A type of flooring that is constructed from a single piece of wood that is a mix of several different tree types or species is called solid hardwood flooring.
It is one of the most popular wood flooring options across the world though being on a little expensive side. There are many species of solid hardwood available, and the most apparent one is oak hardwood flooring.
In this blog, we will see why people prefer to install white oak flooring in their kitchens. Follow along!
But before we go into the details, a fact that you must know is that hardwood is preferred by the majority of people across the world. And that is solely because of the features that this particular species of wood flooring provides.
Types of oak hardwood floors
Before moving on, let us learn about the different types of oak hardwood flooring.
Red oak hardwood flooring
Many people choose red oak flooring because it is a similar but distinct species to the more common white oak.
True to its name, red oak can be anything from a faintly rose-tinted yellow to warmer amber tones over a brown background. Red oak’s natural tones make it seem cozier and more inviting than other kinds of wood.
When compared to white oak, red oak has a more open-grain pattern. It is also more undulating, even zigzagging, at points.
This distinctive grain pattern further enhances the red oak’s striking appearance. The intriguing grain pattern not only looks great, but it also does a great job of concealing dings and scratches.
Using the Janka hardness scale, red oak rates at 1290, which indicates a moderately high level of hardness. Despite its lesser rating compared to white oak, is always preferred for its attractiveness and coziness.
This species has also been the most common in previous years.
Pro tip: Because of the overall moisture-resistance features of this particular wood type, hardwood flooring in the kitchen is a preferable option for people across the world.
White oak hardwood flooring
White oak is a type of oak that is widely used for flooring in both new construction and interior design projects.
White oak is more muted in tone than other oaks, and even within the species, there is very little variance in color from plank to plank. As a result, white oak typically features uniform grain patterns and coloration.
You may find everything from a pale yellow to a deep amber brown here.
Note: European white oak flooring, differs from American white oak flooring in terms of grain patterns and color patterns as well.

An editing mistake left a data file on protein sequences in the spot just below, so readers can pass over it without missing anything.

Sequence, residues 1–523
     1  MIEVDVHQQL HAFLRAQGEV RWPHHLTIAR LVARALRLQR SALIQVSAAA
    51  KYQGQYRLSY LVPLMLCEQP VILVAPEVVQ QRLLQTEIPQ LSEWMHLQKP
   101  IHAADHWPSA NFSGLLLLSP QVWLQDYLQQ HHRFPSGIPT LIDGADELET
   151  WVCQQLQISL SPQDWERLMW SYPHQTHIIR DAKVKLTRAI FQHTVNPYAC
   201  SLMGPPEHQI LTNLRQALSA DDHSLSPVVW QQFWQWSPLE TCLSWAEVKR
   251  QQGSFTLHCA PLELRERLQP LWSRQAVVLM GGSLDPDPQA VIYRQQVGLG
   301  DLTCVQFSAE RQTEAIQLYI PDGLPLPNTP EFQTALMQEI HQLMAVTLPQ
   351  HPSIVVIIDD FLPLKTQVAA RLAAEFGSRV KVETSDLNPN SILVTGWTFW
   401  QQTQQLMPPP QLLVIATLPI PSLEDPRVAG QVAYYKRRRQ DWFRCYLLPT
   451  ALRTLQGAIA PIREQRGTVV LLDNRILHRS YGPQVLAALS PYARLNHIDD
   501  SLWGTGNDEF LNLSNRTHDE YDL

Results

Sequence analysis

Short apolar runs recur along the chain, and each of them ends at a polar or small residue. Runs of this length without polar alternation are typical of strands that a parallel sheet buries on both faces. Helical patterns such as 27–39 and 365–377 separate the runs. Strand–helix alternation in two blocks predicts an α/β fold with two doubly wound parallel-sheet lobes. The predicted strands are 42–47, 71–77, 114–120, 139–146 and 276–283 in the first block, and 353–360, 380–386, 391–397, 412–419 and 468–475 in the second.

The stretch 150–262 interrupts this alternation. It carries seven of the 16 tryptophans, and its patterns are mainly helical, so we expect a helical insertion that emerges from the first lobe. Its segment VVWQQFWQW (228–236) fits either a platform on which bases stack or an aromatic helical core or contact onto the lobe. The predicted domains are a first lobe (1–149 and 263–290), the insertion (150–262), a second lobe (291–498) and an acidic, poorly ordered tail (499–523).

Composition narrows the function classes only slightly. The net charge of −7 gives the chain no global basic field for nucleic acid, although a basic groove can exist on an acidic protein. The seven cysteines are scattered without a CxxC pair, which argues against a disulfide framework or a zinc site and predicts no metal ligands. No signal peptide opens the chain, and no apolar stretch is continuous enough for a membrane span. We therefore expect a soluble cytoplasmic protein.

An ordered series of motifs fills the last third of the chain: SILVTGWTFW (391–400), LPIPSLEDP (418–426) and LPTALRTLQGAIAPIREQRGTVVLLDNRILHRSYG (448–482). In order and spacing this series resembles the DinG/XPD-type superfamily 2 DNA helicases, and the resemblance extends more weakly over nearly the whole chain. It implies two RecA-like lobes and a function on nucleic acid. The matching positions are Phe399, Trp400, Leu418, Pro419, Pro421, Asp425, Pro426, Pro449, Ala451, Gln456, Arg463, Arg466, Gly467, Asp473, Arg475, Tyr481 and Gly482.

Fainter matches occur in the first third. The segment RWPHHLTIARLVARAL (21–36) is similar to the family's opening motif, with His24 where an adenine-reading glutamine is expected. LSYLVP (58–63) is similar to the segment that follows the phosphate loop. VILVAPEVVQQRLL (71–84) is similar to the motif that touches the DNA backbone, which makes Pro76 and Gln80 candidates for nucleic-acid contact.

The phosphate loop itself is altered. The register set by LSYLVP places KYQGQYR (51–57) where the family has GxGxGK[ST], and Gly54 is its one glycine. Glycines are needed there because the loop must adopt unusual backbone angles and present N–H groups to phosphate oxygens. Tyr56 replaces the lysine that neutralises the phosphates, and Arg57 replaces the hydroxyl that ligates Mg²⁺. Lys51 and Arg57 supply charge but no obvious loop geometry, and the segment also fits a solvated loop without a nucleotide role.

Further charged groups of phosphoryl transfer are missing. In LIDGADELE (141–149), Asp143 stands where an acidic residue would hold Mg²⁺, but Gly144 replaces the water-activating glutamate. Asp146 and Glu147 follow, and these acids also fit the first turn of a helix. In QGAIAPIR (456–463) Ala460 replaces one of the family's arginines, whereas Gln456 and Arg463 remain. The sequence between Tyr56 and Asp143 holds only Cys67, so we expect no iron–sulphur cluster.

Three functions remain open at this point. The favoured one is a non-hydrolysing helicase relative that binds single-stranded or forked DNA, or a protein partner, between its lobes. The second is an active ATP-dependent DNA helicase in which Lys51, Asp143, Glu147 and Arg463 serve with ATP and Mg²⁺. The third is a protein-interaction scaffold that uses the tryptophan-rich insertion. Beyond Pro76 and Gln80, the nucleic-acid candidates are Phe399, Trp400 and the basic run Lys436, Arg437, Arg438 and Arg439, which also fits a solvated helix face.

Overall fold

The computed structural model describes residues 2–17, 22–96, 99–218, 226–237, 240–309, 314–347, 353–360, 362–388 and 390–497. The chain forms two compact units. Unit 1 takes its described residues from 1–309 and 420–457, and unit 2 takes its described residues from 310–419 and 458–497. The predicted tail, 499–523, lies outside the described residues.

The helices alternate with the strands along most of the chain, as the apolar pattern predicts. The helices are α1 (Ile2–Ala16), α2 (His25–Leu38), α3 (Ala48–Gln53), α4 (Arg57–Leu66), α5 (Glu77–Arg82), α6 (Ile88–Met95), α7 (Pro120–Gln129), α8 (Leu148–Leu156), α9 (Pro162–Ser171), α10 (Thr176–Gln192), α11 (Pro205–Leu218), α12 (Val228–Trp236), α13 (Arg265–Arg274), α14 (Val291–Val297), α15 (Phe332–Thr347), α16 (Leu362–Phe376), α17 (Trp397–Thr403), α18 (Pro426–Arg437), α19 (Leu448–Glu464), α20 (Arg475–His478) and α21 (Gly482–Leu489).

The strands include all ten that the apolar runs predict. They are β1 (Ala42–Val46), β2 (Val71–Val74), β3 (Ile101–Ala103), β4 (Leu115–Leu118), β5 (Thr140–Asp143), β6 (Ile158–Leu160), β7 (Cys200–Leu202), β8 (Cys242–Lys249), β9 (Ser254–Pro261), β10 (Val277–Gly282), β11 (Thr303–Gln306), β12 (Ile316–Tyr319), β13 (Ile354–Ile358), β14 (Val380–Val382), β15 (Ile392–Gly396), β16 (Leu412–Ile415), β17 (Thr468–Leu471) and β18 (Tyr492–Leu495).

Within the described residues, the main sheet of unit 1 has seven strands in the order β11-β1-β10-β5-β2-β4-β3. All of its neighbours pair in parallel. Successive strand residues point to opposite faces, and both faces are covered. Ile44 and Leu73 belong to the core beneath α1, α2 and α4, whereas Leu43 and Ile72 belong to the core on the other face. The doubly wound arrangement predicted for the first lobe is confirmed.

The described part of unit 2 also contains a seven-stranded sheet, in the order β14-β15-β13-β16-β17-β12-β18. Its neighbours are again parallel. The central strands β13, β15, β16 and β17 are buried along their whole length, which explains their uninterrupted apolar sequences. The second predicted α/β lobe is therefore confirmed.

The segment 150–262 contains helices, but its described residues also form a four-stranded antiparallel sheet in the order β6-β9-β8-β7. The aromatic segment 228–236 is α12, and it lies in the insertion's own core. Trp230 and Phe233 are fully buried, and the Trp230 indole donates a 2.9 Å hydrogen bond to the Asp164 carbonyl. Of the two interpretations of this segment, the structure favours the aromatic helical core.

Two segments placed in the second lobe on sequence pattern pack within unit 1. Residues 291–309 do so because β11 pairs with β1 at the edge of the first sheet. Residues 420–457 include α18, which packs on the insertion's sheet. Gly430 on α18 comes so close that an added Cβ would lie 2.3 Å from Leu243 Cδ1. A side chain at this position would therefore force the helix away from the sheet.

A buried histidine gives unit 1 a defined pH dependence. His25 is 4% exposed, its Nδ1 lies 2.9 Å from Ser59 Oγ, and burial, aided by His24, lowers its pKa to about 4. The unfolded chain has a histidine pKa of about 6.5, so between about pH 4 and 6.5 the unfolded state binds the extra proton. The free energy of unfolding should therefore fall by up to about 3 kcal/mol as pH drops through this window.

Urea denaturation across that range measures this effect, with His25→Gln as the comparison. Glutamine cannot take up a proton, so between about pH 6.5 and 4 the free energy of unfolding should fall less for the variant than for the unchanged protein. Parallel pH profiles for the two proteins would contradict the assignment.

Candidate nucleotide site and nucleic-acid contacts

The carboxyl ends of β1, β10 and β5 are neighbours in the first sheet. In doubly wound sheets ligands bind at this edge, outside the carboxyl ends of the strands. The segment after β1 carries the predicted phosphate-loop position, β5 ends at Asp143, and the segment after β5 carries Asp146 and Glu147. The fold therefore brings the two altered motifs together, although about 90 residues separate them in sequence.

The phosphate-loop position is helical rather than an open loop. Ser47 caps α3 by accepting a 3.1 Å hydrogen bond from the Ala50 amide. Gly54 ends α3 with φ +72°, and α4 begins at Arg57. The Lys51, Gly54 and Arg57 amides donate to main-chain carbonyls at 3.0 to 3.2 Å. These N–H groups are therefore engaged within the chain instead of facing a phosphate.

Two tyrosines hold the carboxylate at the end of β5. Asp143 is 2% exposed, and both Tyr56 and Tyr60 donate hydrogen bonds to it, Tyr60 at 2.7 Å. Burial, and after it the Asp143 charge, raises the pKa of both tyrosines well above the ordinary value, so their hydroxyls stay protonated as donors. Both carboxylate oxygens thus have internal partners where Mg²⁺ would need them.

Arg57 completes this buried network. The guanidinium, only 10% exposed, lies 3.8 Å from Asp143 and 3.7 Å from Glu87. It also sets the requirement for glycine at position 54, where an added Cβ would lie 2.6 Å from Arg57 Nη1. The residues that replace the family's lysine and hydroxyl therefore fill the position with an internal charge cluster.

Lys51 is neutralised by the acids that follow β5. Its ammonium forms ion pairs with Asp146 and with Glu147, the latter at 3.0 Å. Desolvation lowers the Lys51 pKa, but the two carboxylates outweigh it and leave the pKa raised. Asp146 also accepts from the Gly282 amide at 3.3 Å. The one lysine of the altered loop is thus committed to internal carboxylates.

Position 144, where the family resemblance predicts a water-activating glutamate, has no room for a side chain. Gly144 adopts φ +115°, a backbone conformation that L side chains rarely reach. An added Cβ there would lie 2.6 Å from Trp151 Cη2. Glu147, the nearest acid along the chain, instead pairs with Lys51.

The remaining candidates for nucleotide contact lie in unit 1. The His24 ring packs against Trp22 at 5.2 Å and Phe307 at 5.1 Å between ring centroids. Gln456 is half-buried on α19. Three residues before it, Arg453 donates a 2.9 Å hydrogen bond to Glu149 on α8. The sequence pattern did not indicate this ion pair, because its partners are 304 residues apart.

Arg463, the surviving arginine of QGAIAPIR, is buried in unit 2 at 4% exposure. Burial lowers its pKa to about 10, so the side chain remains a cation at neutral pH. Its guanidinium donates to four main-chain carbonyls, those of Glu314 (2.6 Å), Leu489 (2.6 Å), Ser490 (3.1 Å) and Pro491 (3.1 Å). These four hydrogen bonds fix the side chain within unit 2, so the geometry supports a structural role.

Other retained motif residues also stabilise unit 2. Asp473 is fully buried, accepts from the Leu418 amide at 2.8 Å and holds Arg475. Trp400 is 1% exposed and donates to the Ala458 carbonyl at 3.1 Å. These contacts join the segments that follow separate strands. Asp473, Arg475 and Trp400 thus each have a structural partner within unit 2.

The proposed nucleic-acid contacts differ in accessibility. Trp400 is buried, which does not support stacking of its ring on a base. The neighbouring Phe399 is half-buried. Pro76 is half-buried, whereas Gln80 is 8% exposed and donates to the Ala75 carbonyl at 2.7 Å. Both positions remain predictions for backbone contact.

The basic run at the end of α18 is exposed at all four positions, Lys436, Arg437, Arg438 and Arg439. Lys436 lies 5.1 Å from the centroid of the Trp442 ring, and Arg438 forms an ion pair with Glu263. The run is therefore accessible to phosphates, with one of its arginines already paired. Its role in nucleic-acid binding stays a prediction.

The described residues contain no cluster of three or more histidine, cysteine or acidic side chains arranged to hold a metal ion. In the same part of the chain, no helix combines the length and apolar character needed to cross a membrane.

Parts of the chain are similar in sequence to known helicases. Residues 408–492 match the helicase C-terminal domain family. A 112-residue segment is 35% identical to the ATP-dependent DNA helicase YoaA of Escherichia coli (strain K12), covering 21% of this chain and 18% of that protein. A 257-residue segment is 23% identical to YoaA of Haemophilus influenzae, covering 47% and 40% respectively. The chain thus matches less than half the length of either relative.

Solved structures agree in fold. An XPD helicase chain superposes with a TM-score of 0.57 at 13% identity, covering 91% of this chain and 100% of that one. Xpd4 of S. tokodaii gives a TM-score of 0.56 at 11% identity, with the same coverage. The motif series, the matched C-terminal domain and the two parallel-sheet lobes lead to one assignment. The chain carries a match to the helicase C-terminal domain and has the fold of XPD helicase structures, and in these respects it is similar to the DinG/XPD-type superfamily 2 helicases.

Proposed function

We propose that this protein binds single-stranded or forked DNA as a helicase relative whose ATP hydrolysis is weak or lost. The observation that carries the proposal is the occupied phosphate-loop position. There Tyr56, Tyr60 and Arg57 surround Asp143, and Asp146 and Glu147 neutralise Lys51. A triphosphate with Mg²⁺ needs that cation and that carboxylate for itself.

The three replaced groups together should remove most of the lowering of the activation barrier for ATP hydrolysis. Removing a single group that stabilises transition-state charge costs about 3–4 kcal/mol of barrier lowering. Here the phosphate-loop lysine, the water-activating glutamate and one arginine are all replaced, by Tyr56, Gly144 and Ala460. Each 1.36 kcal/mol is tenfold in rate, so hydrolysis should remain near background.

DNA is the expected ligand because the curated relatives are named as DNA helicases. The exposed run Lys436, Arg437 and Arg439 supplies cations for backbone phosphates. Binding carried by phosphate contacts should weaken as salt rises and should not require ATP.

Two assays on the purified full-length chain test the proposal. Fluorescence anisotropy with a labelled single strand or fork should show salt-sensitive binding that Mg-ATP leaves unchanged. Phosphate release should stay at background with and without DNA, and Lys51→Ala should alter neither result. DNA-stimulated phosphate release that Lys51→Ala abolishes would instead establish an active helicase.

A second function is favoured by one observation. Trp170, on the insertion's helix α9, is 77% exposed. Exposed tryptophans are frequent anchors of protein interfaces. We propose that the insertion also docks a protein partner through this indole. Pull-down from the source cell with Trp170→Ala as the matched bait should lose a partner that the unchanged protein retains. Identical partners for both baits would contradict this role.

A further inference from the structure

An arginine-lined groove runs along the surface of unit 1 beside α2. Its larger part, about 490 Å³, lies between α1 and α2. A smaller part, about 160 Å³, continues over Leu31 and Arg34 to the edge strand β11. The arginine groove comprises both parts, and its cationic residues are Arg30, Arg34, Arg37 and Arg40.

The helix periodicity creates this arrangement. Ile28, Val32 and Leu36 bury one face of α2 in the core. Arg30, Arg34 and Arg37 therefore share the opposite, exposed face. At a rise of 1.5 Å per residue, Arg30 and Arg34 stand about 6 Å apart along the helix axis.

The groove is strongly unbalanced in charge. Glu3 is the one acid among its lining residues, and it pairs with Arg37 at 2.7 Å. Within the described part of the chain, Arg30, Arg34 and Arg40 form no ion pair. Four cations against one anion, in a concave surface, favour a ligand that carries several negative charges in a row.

White oak is more compact and has a straighter grain than other oaks. White oak is preferred by many homeowners because of its cleaner look. It is adaptable to a wide variety of design aesthetics thanks to its softer texture.
White oak is slightly more durable than other types of wood, with a Janka hardness of 1360. Because of this, it can withstand impacts that would normally dent other types of wood.
Because of this, white oak wood flooring is a good option for busy areas like passageways, lounges, and dining rooms. And because of its better moisture-resistant feature, people usually prefer white oak flooring in their kitchens.
Benefits of installing white oak flooring
● It is a tougher version of the two
On the Janka scale, white oak ranks somewhat higher than red oak in terms of its hardness (white oak is 1360 vs red oak is 1290). Because of this, it is somewhat more resistant to being dented than it would have been otherwise.
Please be aware that this should not have any bearing on the scratching. This is dependent on the kind of polyurethane or finishing that was applied.
● Has greater moisture resistance than the two
Because white oak has a tight grain and many of its pores are sealed with tyloses, it is more resistant to moisture and rotting than other types of wood. White oak is also known as American oak.
Since these regions are more susceptible to damage from water and the elements of nature, this species is utilized more frequently in the construction of boats in addition to front door jambs and saddles.
The water-resistant feature is an ideal choice for spaces that are more likely to be subjected to water and moisture, such as kitchens, powder rooms, and entry areas.
● It is easier to put colors or finishes on white oakwood
Sanding, staining, and refinishing white wood is just as simple as it is with red oak. To an experienced refinisher, the difference between refinishing white wood and other types of oak is negligible, even though white oak is slightly tougher than other types of oak. Both species go through the same steps in the staining process.
White oak offers greater versatility in terms of stain colors and blends than red oak do due to the absence of the pink undertone that characterizes red oak.
You can go as dark as you want or as light as you want, or wherever in between. English oak floors are overall darker than American oak floors. But, that does not mean that you can’t be able to stain them.
Hence, these are some of the reasons behind people choosing white oak flooring for their kitchens.